suspension rebuild/restoration '71 - Pontiac GTO Forum
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post #1 of 10 (permalink) Old 01-04-2011, 01:34 AM Thread Starter
 
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suspension rebuild/restoration '71

I've got my first one, it's up in the air, and I'm about to go through the back of the car first. It's a bit confusing with the array of new suspension parts/combos. For basic cruzin' and the occasional show-off ( of course), I probably won't need much more than stock. I have been advised to 'go poly' then 'go rubber'. I think if I simply buy new upper and lower control arms with polygraphite bushings, change out the sway bar from 7/8 to 1 1/8", new stock springs and good shocks, Ill be just fine. Trust me, I'll be HAPPY to listen to any opinions, and Thanks!
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post #2 of 10 (permalink) Old 01-04-2011, 08:59 AM
 
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Originally Posted by Alaska71 View Post
I've got my first one, it's up in the air, and I'm about to go through the back of the car first. It's a bit confusing with the array of new suspension parts/combos. For basic cruzin' and the occasional show-off ( of course), I probably won't need much more than stock. I have been advised to 'go poly' then 'go rubber'. I think if I simply buy new upper and lower control arms with polygraphite bushings, change out the sway bar from 7/8 to 1 1/8", new stock springs and good shocks, Ill be just fine. Trust me, I'll be HAPPY to listen to any opinions, and Thanks!

i hear poly squeaks after a while. wouldnt use it for street use. new stock should be fine.all that plus a big improvement is a rear roll bar if your car doesnt have one.
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post #3 of 10 (permalink) Old 01-04-2011, 10:16 AM
 
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I used polygraphite when i replaced my bushings. No noise noted but i have only had the car out a couple of times since changing. I used the polygraphite because of numerous comments about polyurethane squeaking. I didn't want to use rubber because i changed my bushings about 15 or so years ago and with very little driving the bushings all broke down and wore out. I also replaced springs because they got weak and the car was setting very low to the ground.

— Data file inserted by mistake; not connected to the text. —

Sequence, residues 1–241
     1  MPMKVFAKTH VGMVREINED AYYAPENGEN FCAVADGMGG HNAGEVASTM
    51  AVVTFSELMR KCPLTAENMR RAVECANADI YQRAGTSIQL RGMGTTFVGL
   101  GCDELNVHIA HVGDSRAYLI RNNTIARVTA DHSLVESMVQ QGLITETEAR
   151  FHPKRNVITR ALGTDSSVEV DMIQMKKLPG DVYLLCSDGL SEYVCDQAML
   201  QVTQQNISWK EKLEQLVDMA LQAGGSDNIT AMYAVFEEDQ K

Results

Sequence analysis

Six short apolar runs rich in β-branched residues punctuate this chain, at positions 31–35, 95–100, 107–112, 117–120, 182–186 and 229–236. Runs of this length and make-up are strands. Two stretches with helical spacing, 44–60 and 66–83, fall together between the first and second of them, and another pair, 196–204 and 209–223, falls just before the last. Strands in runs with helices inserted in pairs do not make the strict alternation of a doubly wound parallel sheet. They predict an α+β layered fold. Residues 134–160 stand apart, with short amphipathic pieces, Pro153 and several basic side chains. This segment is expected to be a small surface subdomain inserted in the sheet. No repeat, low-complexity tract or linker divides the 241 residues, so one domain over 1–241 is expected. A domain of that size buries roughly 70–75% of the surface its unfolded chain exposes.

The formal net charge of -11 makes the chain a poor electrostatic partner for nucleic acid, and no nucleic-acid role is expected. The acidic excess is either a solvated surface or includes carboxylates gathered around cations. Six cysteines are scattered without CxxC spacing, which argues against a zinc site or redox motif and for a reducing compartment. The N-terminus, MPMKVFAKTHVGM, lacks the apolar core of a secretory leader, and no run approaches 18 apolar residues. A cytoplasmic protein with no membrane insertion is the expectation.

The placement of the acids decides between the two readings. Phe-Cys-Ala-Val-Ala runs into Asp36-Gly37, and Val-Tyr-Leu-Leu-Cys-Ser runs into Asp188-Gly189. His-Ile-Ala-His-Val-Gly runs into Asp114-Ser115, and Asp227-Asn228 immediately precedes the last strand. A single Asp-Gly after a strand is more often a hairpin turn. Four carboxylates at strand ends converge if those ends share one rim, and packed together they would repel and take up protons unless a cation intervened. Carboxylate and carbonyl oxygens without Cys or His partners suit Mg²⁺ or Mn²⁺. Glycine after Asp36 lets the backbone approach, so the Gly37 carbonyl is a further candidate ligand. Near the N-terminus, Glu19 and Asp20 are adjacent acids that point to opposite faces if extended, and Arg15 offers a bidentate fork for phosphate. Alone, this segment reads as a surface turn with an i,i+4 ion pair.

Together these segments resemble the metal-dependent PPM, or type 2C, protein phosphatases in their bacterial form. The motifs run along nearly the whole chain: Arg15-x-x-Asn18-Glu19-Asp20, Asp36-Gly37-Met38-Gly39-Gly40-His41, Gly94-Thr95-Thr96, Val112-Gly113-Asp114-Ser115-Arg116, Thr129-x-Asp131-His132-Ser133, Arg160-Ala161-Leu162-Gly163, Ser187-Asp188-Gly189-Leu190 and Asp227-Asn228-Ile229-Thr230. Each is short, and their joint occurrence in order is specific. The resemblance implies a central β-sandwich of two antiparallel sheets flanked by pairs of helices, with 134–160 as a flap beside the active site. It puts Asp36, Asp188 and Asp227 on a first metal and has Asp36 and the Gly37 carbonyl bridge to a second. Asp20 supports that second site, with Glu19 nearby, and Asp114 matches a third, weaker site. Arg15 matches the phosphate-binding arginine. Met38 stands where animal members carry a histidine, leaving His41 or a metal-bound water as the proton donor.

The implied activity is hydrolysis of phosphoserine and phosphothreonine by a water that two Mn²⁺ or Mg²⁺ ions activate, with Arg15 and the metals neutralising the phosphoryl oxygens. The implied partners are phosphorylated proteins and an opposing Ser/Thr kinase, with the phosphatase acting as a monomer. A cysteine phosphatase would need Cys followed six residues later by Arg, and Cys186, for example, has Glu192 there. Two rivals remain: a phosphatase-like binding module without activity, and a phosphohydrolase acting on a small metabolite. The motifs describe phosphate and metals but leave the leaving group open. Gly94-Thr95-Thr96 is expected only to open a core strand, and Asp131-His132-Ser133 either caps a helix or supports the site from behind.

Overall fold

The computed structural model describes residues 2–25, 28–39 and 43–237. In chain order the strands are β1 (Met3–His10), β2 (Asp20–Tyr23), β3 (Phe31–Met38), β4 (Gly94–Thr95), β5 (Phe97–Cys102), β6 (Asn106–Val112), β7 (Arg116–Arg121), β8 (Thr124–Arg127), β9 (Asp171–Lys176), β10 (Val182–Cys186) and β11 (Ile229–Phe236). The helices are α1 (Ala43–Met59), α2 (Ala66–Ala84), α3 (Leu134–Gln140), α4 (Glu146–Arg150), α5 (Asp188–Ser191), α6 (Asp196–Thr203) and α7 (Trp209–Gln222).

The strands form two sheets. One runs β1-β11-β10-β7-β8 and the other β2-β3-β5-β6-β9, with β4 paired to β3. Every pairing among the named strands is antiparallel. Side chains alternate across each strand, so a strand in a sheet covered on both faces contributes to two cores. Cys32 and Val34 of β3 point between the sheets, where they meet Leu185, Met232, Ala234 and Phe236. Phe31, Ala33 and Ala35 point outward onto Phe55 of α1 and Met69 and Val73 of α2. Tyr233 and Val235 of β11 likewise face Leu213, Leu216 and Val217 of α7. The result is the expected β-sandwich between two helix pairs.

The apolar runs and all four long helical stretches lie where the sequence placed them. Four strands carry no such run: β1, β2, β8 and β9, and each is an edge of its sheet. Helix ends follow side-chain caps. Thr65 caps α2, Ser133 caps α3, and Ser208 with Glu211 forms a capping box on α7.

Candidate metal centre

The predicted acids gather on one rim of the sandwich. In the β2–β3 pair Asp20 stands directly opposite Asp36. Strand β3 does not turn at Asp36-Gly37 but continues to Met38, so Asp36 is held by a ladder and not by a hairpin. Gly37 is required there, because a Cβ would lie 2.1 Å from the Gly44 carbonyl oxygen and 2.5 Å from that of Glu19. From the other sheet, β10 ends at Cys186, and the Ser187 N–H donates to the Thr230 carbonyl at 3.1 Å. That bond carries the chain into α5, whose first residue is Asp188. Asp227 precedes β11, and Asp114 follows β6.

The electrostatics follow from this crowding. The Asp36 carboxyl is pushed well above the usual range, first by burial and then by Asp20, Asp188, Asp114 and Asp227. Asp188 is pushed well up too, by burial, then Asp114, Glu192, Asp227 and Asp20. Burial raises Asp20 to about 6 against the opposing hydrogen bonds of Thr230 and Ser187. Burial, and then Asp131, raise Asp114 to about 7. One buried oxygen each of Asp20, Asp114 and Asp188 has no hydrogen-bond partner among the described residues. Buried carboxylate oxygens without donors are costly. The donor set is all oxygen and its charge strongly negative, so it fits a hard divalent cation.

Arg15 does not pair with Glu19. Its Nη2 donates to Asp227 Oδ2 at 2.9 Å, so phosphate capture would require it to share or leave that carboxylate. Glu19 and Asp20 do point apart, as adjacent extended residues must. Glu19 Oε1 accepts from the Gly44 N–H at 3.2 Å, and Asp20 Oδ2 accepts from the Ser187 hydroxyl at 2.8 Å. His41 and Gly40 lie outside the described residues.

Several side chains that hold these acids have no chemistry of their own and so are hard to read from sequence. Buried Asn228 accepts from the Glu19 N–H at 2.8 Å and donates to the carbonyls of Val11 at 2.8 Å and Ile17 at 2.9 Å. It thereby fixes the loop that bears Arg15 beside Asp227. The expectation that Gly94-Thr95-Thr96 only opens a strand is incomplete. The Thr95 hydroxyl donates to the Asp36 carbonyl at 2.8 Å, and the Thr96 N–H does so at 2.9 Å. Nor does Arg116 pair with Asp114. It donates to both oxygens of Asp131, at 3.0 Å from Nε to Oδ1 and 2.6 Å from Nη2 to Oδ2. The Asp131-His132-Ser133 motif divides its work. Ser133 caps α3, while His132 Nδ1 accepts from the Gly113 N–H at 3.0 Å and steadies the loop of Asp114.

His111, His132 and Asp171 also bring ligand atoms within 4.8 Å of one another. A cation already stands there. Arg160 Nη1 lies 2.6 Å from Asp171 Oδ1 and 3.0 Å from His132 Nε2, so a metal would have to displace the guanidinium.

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post #4 of 10 (permalink) Old 01-04-2011, 10:55 AM
 
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I have 300,000 hard mile on my 68. I live for the twisties. I am real happy with my set up. Largest sway bars you can run with stock rims, a-arms, and rear control arms are 1.25" front and 7/8" back. I put Moog rubber bushings front and rear. On the rear control arms when I had them off I welded them up, boxed them. From Coil Spring Specialtiies I ordered stock highth 20% stiffer than stock front and rear coil spings. KYB's all around.
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post #5 of 10 (permalink) Old 01-04-2011, 05:07 PM
 
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I replaced my rear end bushings about 15 years ago with polyurethane, and I think they were bought from Energy Suspension. They will squeak when I back out of the driveway slowly over the sidewalk curb, and pretty much always have.